There is nothing there … except maybe a nice fat deduction.
I have previously written about so-called Syndicated Conservation Easements in two articles, the first being, The IRS Leaves A Lump Of Coal For Syndicated Conservation Easements In Notice 2017-10 (12/27/2016), and the second being, DOJ Sues To Shut Down Syndicated Conservation Easement Tax Shelter Promoters (12/20/2018).
For those unfamiliar with the topic, a conservation easement is typically a landowner’s dedication of a part or all of a parcel of land towards some presumably laudable conservational purpose, such as the preservation of wetlands.
In dedicating land to that purpose, the landowner may get a deduction equal to the value of the land that has been dedicated ― and of course any time there is a deduction for just about anything, the tax shelter promoters come scurrying out of the woodwork like so many roaches. Here, the roaches are the promoters of so-called syndicated conservation easements, which are pre-packaged deals that have the singular aim of creating as large a deduction as possible and with only the slightest lip-service towards anything like actual conservation.
A hypothetical example would be this: Picture 160 acres of grasslands in remote Kansas, which might on a good day sell for maybe $1,000 per acre. The promoter sets up an LLC, buys the 160 acres for $160,000 and then creates elaborate plans to put a golf resort on the property. The promoter finds a friendly appraiser who values the golf resort at $40 million. The promoter next syndicates the deal by selling 10 interests in the LLC for $100,000 each to taxpayers who are looking for a tax shelter.
Now we get to the really juicy stuff. The promoter then dedicates the grassland to conservation, and takes a deduction for the LLC not at the $160,000 purchase price of the property, but instead based upon the $40 million value of the proposed golf course. This deduction is then carved up among the 10 taxpayers, so that for a cost of $100,000 each, they each get a $4 million deduction through their K-1 loss distributions. The promoter keeps the $1 million for selling the interests, less of course the $160,000 paid for the property.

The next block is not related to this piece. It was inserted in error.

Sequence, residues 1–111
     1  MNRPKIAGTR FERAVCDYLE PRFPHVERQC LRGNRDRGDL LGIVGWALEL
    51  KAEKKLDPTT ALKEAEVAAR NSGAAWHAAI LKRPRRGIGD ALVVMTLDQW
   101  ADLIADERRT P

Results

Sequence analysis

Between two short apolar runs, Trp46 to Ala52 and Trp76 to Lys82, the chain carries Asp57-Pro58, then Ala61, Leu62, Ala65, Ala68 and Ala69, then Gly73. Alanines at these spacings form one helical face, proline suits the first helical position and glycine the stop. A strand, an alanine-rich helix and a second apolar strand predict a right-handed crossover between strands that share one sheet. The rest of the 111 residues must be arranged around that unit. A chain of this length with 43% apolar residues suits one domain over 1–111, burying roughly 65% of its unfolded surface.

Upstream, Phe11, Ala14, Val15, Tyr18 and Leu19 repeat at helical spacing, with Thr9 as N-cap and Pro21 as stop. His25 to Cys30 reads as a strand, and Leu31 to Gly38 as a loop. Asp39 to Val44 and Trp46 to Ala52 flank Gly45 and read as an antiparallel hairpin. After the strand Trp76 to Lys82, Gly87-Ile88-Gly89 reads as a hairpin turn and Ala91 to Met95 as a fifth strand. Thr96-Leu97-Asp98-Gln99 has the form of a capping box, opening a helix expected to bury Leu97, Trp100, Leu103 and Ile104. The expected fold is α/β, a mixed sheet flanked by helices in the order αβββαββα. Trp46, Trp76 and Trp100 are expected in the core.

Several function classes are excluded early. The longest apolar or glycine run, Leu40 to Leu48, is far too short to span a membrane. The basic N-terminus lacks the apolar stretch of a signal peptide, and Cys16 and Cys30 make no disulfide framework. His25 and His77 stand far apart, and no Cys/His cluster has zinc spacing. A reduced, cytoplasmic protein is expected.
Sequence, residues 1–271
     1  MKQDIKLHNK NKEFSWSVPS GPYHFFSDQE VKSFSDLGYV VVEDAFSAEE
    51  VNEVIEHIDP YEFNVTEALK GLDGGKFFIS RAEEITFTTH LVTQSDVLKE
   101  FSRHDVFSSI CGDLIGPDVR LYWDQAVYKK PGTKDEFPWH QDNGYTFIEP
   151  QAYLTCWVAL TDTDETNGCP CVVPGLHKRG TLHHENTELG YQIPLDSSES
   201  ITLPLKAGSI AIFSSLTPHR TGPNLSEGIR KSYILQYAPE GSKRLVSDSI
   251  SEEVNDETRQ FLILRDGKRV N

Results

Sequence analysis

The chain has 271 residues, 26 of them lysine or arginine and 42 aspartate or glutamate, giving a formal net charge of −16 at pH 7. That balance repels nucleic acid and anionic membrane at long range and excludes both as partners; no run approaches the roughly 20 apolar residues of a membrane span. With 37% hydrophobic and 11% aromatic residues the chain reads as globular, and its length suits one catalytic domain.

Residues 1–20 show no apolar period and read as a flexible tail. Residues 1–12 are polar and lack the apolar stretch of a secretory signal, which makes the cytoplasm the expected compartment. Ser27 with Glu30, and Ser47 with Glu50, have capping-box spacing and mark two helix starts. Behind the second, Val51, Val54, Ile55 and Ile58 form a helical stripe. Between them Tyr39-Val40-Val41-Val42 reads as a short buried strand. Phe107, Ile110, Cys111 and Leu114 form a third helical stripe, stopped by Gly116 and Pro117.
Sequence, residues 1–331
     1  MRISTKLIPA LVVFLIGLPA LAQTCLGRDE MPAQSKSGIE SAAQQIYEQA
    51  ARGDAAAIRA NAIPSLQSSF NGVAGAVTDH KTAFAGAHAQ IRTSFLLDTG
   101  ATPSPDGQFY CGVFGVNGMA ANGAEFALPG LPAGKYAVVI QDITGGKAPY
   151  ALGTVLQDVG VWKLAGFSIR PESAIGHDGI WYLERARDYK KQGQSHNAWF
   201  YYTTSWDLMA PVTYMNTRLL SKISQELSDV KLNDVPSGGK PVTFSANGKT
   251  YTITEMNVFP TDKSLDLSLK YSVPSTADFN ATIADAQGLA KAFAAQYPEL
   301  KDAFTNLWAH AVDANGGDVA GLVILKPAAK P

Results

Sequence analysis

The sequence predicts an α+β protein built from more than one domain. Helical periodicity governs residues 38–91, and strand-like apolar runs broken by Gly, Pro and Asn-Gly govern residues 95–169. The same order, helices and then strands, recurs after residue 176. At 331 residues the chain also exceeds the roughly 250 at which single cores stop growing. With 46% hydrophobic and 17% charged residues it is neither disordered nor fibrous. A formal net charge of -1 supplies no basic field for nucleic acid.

Before this all took place, the property was just grasslands in remote Kansas where nobody in their right mind would want to go to a golf resort. After all this took place, the property is still just grasslands in remote Kansas where nobody in their right mind would want to go to a golf resort, i.e., utterly nothing changed on or about the 160 acres itself. But, 10 taxpayers just generated a $4 million conservation easement deduction for themselves at a cost of only $100,000 each, and the promoter just pocketed $840,000 for the paper effort in going through this charade.
Don’t think that the promoters are actually doing much good for conservation, as in reality they are just taking dollars away from what might be legitimate conservation projects.
In my third installment on the subject, we now get a glimpse of the ensuing litigation fallout from the IRS’s efforts against syndicated conservation easement shelters a/k/a SCE shelters. That glimpse comes courtesy of an Original Class Action Complaint filed in the U.S. District Court for the Northern District of Georgia at Atlanta.
But first, let me give the necessary caveat that a Complaint is nothing like an adjudication of the issues that it contains but simply a number of allegations which can be utterly true or utterly false, and recalling the lawyer’s saying that “any fool with $500 can file a Complaint”.
The Complaint in this case is 175 pages long, which folks can read for themselves. The gist of the Complaint, which is brought by an initial group of five plaintiffs who allegedly got burned in a conservation easement shelter, is that an Atlanta CPA firm named Aprio LLP and its partner Robert Greenberger conspired with various law firms, property appraisers, and others, to create a bunch of SCE shelters, which were then sold to taxpayers who later got burned when the IRS showed up and denied the taxpayers’ deductions and also slammed them with substantial penalties. Among the named defendants in the case is Nancy Zak, who was featured prominently in the U.S. Department of Justice’s lawsuit to shut down SCE shelter promoters.